"The Window" is a fairly standard romantic tale of haunting resolved by modern sensitivity. "The Pestering" starts off slow, with a couple purchasing an old home, making a tea-room of it, and being annoyed by a persistent ghost who shows up, trying to get in...but it takes a very dark and macabre black-magic twist at the end that almost makes up for the slowness of all that came before. It's a tale that's far longer than it needs to be and the payoff at the end is almost too late. "The Taste of Pomegranates" is a rather romantic tale of time-slippage.

There's some nonsupernatural tales included..."The Pavement" is a twisted psychological tale of a woman's obsession with a Roman mosaic located on her property, and her sense of stewardship toward it. "Juggernaut" tells a tale of a pusher of wheelchairs at a seaside resort who is haunted by the guilt of a dreadful act he committed. "The Promised Land" is probably her best, a tale of a woman dominated by an overbearing cousin, who finally takes a dream vacation to Italy, only to be still bossed around. It has a classic theme of a woman's desire for self-determination, but there's the conflict with the reality that she's not equipped to deal with things on her own.

This collection has its ups and downs. Some stories, like "The Pestering" and "Juggernaut," are longer than they need to be and sometimes meander unnecessarily. Some are unremarkable and standard, like "The Window" and "The Taste of Pomegranates." But the title story alone is worth the purchase price, and "The Promised Land" is also quite good.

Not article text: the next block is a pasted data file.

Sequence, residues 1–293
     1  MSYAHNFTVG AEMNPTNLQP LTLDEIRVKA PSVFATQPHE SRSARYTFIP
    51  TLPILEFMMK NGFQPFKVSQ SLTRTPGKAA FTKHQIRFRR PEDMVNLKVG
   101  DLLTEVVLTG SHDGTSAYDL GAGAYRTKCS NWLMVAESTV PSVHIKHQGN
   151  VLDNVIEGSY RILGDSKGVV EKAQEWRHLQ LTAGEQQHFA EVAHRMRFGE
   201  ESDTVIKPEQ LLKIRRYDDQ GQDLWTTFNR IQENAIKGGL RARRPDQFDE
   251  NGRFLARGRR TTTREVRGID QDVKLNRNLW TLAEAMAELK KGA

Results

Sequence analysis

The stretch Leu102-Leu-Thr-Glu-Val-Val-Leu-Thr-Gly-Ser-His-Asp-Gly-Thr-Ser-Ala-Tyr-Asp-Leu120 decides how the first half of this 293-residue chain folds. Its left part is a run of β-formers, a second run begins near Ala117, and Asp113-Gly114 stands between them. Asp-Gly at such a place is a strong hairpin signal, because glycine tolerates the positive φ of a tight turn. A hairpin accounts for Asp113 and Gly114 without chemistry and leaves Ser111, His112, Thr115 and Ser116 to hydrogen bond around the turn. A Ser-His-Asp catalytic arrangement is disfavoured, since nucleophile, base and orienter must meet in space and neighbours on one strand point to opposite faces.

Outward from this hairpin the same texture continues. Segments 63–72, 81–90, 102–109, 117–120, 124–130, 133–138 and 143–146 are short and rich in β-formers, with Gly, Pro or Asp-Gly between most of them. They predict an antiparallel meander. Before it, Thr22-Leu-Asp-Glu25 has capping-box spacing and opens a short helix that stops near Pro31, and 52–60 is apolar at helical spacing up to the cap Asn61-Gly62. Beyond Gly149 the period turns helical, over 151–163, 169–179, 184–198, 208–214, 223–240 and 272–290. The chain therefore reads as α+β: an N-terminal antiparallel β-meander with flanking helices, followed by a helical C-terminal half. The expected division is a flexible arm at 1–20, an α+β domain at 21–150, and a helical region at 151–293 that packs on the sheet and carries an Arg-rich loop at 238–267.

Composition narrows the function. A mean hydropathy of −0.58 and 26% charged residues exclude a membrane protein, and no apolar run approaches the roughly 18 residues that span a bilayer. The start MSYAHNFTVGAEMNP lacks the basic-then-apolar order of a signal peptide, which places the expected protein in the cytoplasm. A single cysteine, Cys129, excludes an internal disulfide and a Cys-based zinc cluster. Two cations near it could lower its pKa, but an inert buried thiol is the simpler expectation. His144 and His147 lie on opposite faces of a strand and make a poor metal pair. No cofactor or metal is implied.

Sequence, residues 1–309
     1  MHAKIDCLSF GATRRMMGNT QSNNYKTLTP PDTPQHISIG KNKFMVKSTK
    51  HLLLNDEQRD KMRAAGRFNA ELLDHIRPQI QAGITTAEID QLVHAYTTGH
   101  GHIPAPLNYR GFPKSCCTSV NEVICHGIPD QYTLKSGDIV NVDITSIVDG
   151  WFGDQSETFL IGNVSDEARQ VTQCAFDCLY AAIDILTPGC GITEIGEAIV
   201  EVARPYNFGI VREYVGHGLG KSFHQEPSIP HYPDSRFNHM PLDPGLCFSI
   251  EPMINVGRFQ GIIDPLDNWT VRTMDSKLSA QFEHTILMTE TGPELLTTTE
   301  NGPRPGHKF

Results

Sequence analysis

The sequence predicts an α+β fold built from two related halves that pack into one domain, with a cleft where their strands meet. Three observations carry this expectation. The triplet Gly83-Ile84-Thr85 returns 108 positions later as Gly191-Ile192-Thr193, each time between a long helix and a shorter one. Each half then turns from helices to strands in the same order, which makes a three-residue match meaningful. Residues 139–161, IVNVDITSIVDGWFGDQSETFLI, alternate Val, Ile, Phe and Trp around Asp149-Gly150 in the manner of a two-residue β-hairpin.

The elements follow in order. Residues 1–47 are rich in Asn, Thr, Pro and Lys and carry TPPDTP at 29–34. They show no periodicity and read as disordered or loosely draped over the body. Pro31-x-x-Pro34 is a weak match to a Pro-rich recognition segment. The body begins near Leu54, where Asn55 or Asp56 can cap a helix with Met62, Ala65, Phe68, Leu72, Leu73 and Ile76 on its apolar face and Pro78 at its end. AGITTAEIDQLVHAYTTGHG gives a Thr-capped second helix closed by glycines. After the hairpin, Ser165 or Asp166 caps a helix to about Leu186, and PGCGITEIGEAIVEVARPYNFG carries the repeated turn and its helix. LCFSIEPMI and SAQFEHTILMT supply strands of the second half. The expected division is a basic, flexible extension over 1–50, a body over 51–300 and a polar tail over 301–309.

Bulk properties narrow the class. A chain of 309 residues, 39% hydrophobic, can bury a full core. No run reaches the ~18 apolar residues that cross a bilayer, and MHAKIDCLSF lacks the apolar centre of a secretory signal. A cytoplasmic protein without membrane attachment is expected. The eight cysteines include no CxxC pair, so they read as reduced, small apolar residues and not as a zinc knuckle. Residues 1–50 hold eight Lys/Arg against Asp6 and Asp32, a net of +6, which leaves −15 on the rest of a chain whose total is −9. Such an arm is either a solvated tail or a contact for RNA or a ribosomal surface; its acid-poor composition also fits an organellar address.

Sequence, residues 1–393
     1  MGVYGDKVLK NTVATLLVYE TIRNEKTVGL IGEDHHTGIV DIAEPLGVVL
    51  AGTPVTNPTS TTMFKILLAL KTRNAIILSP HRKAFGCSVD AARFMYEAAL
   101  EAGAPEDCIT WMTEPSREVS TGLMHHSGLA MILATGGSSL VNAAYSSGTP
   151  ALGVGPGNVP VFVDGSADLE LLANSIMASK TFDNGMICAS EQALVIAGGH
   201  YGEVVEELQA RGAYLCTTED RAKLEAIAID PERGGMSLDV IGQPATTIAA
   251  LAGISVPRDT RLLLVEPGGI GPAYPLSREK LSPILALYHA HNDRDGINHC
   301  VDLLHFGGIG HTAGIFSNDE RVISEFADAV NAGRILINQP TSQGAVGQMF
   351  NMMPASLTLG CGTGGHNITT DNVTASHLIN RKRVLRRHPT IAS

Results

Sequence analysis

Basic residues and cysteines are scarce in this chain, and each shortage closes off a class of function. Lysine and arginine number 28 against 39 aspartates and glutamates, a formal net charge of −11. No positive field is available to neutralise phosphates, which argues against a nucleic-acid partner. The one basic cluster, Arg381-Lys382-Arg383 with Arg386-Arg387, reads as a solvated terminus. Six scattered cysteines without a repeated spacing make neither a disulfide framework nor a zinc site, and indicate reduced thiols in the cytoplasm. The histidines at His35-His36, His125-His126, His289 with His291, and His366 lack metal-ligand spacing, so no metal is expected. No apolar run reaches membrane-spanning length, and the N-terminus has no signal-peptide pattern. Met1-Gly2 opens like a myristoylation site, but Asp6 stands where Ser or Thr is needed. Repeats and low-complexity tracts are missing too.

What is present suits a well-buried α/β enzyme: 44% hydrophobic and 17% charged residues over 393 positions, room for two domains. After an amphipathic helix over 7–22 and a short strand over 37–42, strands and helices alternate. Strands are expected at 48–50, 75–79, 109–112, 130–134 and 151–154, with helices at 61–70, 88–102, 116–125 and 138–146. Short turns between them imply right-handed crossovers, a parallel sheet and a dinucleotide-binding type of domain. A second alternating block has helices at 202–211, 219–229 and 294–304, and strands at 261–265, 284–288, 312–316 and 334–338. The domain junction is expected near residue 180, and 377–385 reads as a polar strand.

So, it's up to you. Thankfully, it's back in print after being obscure and lost for too long.


Tuesday, December 16, 2014

A Drizzly December Night at the Movies!

We meet at the usual restaurant, exchanging horror stories of Christmas shopping and our yearly dread of family gatherings, and dear heaven, will it never snow??? The dank, dreary drizzle that has dominated December has destroyed our demeanor.

After dinner is over, and we've shared delicious desserts (really, that new chocolate torte is almost too much, but the certosino was surprisingly light), we head up the street to that old movie theater. In all the dreariness of the weather, it's a welcoming, almost cozy atmosphere.

Tonight's special screening: the 1933 mystery film The Sphinx.



Sure, the film may have its shortcomings, but it's got Lionel Atwill. LIONEL ATWILL, folks. He's always first-rate; one of those great actors who always gave his all, no matter what.

The movie over, we turn our collars to the drizzle and head up the street to that old cafe....

Sunday, December 7, 2014

At the Phantom Ballet

It's December, so of course we're at the ballet! It's a yearly tradition! And it's quite nice this year. We got tickets through a friend, and the production is very straightforward and traditional without being stodgy, not like last year's Nutcracker that was "re-imagined" as taking place in an alley in Montreal, or the one the year before that actually managed to make the story dull. Wasn't that a disaster?